Kabul Radio in appeal to appeal to “Pukhtoon Bretheren” December 22 stated inter alia “freedom cannot be achieved through begging, it will have to be courted and wooed with red, fresh blood. Offer your blood at the altar of freedom and she is yours. If you hesitate others will snatch her away from you and you will ever afterwards curse your cowardice. This is the time to set and set at once ” (Kabul Radio, 1952).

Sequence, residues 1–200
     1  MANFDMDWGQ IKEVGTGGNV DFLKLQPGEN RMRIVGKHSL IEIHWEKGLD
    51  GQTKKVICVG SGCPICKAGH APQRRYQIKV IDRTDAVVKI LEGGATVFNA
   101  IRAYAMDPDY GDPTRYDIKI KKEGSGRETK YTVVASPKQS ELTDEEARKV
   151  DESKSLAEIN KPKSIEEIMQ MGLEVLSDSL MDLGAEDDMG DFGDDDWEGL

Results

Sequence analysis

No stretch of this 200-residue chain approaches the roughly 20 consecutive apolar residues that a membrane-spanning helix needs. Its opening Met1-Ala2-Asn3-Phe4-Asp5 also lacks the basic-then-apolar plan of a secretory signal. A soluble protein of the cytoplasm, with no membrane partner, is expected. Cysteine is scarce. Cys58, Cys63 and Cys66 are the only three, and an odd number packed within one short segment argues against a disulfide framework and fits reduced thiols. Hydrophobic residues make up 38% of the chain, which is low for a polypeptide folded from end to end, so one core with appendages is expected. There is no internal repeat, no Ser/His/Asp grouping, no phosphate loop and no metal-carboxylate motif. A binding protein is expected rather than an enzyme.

With propaganda such as this, it is not surprising that Pakistan would complain about Afghanistan interfering in Pakistan’s affairs. However, Afghanistan feels she is wholly justified in being concerned about the Pashtuns on the other side of the Durand Line.